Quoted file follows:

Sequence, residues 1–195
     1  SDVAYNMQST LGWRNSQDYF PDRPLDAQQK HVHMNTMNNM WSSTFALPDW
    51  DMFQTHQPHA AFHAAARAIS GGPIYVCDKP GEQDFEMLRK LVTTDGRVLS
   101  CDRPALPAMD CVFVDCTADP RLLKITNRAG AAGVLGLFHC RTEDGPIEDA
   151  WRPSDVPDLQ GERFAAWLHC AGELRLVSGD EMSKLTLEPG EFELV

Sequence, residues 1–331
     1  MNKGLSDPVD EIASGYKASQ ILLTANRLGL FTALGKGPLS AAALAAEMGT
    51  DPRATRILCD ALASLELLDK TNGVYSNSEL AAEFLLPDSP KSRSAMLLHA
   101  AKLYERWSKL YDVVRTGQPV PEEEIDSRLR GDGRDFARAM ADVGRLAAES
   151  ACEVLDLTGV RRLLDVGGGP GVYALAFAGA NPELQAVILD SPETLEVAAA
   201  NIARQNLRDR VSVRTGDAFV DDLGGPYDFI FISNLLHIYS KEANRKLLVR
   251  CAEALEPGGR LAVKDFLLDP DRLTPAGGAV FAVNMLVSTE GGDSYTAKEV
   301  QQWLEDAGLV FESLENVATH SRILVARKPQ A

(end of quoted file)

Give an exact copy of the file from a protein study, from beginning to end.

Sequence, residues 1–195
     1  SDVAYNMQST LGWRNSQDYF PDRPLDAQQK HVHMNTMNNM WSSTFALPDW
    51  DMFQTHQPHA AFHAAARAIS GGPIYVCDKP GEQDFEMLRK LVTTDGRVLS
   101  CDRPALPAMD CVFVDCTADP RLLKITNRAG AAGVLGLFHC RTEDGPIEDA
   151  WRPSDVPDLQ GERFAAWLHC AGELRLVSGD EMSKLTLEPG EFELV

Sequence, residues 1–331
     1  MNKGLSDPVD EIASGYKASQ ILLTANRLGL FTALGKGPLS AAALAAEMGT
    51  DPRATRILCD ALASLELLDK TNGVYSNSEL AAEFLLPDSP KSRSAMLLHA
   101  AKLYERWSKL YDVVRTGQPV PEEEIDSRLR GDGRDFARAM ADVGRLAAES
   151  ACEVLDLTGV RRLLDVGGGP GVYALAFAGA NPELQAVILD SPETLEVAAA
   201  NIARQNLRDR VSVRTGDAFV DDLGGPYDFI FISNLLHIYS KEANRKLLVR
   251  CAEALEPGGR LAVKDFLLDP DRLTPAGGAV FAVNMLVSTE GGDSYTAKEV
   301  QQWLEDAGLV FESLENVATH SRILVARKPQ A